Jesus indicted the Pharisees saying: “All therefore whatsoever they bid you observe, that observe and do; but do not ye after their works: for they say, and do not. For they bind heavy burdens and grievous to be borne, and lay them on men’s shoulders; but they themselves will not move them with one of their fingers” (Matthew 23:3-4). The rules they made for others were much stricter than the ones they made for themselves. That is often the case with religious men.
D. R. Dungan, in his book, HERMENEUTICS, observed: “I knew a man who had a hobby on marriage. He was of the opinion that no man could marry twice without being a polygamist–in heaven, if not on the earth. His wife might die, but that had nothing to do with it; if he married again he would be guilty of polygamy. You could not talk with him five minutes without having his hobby brought out and made to canter in your presence. But his wife died, and in less than a year from that time his theology changed on that point. Almost anything that men want to do, they can find some text of Scripture that will sound like giving it support. And it is exceedingly difficult to make any man see that he has been preaching that which is not true. He has posed before the people on the subject, and is not willing to incur the humiliation of saying, ‘I was wrong, and my opponents were right.’” A man’s wishes sometimes blind him to the truth.
Why do men draw such varied conclusions from the Scriptures?
I think the answer is found in their approach to Bible study.
- Some people go to the Bible to discover what God has revealed on a particular subject
- Others go to the book in search of proof for what they want to believe
Conclusions should not be formed and then Scriptures sought to validate them. We should look to the Scriptures and form our conclusions based on what is revealed in them.
Jesus said, “Ye shall know the truth, and the truth shall make you free” (John 8:32).
Paul admonished, “Prove all things; hold fast that which is good” (1 Thessalonians 5:21).
It is only when we do this that we can have confidence in our faith!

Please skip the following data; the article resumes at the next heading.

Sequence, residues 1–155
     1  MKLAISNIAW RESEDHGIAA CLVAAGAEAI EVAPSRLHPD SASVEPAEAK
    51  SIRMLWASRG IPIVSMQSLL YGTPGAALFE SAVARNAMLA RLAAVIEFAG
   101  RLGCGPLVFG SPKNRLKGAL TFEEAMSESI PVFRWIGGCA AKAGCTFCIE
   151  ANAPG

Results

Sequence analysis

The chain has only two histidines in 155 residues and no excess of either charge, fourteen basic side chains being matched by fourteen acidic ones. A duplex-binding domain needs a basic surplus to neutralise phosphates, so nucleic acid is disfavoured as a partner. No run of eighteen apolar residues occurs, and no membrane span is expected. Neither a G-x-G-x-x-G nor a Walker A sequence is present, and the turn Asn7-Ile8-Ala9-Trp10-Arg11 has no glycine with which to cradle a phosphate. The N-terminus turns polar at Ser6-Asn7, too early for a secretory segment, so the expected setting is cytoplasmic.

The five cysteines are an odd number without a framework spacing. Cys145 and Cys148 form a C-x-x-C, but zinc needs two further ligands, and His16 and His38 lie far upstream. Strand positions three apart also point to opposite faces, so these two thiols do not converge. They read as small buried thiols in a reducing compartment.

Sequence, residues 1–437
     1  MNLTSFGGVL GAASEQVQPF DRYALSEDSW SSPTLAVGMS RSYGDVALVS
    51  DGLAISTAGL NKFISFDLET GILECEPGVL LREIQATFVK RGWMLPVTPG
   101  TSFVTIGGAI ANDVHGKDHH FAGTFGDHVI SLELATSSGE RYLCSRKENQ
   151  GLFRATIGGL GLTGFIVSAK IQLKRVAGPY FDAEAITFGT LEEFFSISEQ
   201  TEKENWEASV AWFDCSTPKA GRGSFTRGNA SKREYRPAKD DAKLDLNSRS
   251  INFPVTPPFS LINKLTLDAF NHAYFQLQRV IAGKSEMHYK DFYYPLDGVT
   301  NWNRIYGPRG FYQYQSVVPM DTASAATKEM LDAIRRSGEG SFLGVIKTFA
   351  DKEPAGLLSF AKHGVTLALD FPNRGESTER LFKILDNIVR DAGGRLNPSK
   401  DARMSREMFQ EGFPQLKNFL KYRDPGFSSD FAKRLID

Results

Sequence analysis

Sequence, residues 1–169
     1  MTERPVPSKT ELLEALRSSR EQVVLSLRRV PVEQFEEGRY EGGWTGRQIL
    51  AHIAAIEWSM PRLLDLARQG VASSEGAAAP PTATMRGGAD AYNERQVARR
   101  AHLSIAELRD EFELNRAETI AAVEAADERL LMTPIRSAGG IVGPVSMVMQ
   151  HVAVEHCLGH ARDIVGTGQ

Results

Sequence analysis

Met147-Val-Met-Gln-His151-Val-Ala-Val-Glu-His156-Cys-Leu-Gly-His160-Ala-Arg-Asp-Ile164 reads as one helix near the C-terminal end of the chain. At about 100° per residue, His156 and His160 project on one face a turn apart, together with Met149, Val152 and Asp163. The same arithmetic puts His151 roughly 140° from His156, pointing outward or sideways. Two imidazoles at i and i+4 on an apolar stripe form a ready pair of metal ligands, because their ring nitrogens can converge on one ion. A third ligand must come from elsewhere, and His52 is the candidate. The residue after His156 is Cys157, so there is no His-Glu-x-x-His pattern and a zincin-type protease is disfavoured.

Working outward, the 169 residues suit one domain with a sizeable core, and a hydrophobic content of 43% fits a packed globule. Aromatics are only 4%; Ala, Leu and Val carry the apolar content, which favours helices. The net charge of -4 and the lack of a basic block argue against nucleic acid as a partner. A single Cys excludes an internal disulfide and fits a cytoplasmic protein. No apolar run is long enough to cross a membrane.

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Text: 1 Peter 1:6-9
1. One of the many blessings available to us as the elect of God is a very special kind of joy
a. For reasons we shall notice in our lesson, Christians are able to greatly rejoice – 1 Peter 1:6
b. We have access to joy that is inexpressible and full of glory – 1 Peter 1:8
c. A joy so great, so glorious, that it is impossible to truly express with words!
2. In this lesson, we shall focus our attention on Peter’s remarks in 1 Peter 1:6-9 concerning this inexpressible joy that we as Christians are blessed to have
I. THE BASIS FOR INEXPRESSIBLE JOY
A. THERE ARE PAST GROUNDS FOR REJOICING
1. We have been set apart by the sanctifying work of the Holy Spirit – 1 Peter 1:2
2. We have been sprinkled with the blood of Jesus Christ – 1 Peter 1:2
3. We have been born again to a living hope – 1 Peter 1:3
B. THERE ARE PRESENT GROUNDS FOR REJOICING AS WELL
1. We are God’s elect – 1 Peter 1:2
2. We are kept by the power of God through faith – 1 Peter 1:5
C. AND THERE ARE FUTURE GROUNDS FOR REJOICING
1. We have an inheritance reserved for us in heaven – 1 Peter 1:4
2. We look forward to the salvation which will be revealed in the last time – 1 Peter 1:5
D. All these blessings (Past, present, future) serve as the basis for inexpressible joy.
II. THE EXCEEDING GREATNESS OF THIS JOY
A. IT ENABLES ONE TO REJOICE EVEN IN TRIAL – 1 Peter 1:6
1. No matter what degree of suffering one may experience, in Christ there is joy to match
a. As Peter explains in 1 Peter 4:12-13
b. As he and the rest of the apostles exemplified in Acts 5:40-41
2. How can Christians find joy in such trials?
a. Informed Christians understand the purifying nature of such trials – 1 Peter 1:7
b. Knowing what trials can produce, it is possible to be joyful in trials – James 1:2-4, 12
B. WHAT KIND OF TRIALS?
1. The word various includes all kinds
2. Primarily, it includes those which come as a result of living for Christ – Matthew 5:10-12
3. But we can also rejoice in the everyday afflictions of life
a. For example, sickness, heartbreak, frustration, approaching death
b. For these things also provide an opportunity to test our faith, hope, love, longsuffering and patience
4. If one is able to rejoice even in the midst of such trials, surely they have a joy inexpressible and full of glory!
C. But how can Christians be sure to possess this joy?
1. For it must be admitted that all do not
2. There are times when even the best of us do not
III. POSSESSING THIS INEXPRESSIBLE JOY
A. WE MUST LOVE JESUS – 1 Peter 1:8
1. Whom having not seen you love
2. Jesus is the ultimate source for being able to rejoice in all things – Philippians 4:4
a. He has promised that if we truly love Him, He and His Father will be with us – John 14:23
b. If Jesus is with us, we can receive that joy which is inexpressible! – John 15:11
3. But can we who have never seen Jesus, love Him? Yes! – 1 Peter 1:8
4. How can we come to love Him we have not seen? Through a devotional study of:
a. The Old Testament, with its prophecies of the Messiah
b. The Gospels, with their description of His life, teachings, compassion, suffering, death, and glorious resurrection
c. The Acts, with its action-packed portrayal of the Lord working together with His church
d. The Epistles, where we learn of many blessings found in Christ, and of His ministry as High Priest interceding in our behalf
e. The Revelation, in which we learn of the glorious victory to be won by the Lamb and His followers
B. WE MUST ALSO BELIEVE IN JESUS – 1 Peter 1:8